side [the north and east of what we today know as the Wet Dock] of the
river were inhabited by the principle people of the town: and it is
certain that many of their houses have been converted into
malt-offices; several of which are still objects of curiosity, and
their origins worthy of research. We can remember, in our time, when
the most eminent merchants in the place occupied the many capital
mansions near this spot, which are now empty, and going to decay; as it
is, at present, the fashion for them to remove from the
confinement and bustle of business, to their elegant rural
retreats in the suburbs: in the consequence of which, the vicinity of
Ipswich has been very much improved.
St. Clement’s Church was early and
wholly impropriated to the Priory of St. Peter, without any vicarage
created: and its being thus impropriated, when the last value was made,
it was not valued in the king’s books. It was granted, in the seventh
year of Edward VI. [?: reigned 1547-1553] to Webb and Breton; but it
afterwards came to Robert Broke and William Bloise; who presented a
clerk to the rectory, in 1606, and thereby restored the rector to all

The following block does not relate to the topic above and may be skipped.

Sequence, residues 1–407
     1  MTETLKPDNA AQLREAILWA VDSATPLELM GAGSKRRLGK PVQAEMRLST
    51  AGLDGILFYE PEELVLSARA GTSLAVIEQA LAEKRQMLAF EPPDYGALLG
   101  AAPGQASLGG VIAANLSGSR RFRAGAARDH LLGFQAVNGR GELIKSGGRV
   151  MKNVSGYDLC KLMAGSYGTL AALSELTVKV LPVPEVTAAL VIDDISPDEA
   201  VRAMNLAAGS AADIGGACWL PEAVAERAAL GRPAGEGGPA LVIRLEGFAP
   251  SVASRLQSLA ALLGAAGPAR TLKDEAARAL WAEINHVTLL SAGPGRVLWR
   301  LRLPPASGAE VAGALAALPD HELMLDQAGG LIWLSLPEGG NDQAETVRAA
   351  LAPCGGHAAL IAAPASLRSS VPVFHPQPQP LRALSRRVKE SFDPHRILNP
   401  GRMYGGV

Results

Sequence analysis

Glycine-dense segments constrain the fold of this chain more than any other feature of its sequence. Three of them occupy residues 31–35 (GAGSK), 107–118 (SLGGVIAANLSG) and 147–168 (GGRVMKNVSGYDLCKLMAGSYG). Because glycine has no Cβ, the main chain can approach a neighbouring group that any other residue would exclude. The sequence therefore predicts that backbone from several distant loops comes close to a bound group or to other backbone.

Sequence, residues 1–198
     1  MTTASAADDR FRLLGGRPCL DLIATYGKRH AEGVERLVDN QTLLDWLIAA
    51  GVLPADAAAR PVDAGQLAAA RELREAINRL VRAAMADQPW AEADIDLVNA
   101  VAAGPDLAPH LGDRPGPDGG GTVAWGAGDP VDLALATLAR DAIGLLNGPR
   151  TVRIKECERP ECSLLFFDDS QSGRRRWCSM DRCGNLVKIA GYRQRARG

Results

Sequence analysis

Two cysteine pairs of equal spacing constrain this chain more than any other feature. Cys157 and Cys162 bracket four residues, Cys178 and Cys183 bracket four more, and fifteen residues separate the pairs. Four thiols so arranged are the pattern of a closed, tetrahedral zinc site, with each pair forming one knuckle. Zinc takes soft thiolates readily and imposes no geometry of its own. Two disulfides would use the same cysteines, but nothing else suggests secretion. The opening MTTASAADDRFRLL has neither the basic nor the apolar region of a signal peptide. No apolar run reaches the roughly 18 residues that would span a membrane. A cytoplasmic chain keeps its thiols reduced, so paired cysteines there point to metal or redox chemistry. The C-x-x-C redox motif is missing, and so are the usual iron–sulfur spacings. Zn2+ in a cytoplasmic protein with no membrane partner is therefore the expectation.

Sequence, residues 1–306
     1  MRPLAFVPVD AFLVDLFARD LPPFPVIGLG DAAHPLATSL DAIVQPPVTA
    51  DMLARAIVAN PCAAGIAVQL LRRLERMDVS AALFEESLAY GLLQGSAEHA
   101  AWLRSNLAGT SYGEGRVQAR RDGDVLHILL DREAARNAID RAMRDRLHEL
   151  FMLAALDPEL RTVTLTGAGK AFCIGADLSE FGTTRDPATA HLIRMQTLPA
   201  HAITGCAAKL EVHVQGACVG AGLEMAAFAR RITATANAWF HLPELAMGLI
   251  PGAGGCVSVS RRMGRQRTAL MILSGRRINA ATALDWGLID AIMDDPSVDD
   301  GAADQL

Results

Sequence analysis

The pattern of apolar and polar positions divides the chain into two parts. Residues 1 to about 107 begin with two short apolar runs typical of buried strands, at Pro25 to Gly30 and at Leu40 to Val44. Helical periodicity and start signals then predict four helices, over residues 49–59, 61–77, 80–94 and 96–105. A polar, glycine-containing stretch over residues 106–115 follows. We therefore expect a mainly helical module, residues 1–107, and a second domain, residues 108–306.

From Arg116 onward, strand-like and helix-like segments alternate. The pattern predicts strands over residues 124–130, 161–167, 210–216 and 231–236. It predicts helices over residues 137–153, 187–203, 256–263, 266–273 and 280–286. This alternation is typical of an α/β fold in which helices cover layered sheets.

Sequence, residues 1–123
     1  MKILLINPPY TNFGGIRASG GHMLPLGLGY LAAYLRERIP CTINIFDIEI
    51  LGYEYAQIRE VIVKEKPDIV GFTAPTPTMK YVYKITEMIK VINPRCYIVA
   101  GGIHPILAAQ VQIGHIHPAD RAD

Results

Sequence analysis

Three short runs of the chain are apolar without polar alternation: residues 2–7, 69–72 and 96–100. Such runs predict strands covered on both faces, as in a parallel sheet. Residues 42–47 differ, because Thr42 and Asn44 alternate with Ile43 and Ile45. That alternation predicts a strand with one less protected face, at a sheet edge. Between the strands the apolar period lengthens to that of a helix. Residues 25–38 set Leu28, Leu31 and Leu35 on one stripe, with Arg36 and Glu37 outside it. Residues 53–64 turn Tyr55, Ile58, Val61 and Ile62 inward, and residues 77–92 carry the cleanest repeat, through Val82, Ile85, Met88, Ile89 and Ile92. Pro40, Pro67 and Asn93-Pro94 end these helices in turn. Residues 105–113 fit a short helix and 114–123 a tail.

his rights and dues. This church is now consolidated with St Helen’s.
“King Richard gave Wykes, a member of Ipswich, to John Oxenford, bishop
of Norwich; which shall answer to Ipswich for £10, and the bishop of
Norwich holdeth it, but it is not known by what service.” It appears by
Ipswich Domesday, that, in the time of Richard I., the town used to pay
£10 per annum, to the bishop of Norwich, – to be deducted out of the
fee-farm rent. The hamlet and manor of Wykes Bishop, was, afterwards
confirmed to John le Gray, bishop of Norwich by King John; and it
belonged to the bishops of Norwich, till it was given to King Henry
VIII., by act of parliament, in 1535; who granted it, 1545, to Sir John
Jermie, Knight. John Cobbold, esq., is, at present, lord of the manor.
While the bishops of Norwich had it, they used, frequently, to reside
at their house, situated near the south side of the road leading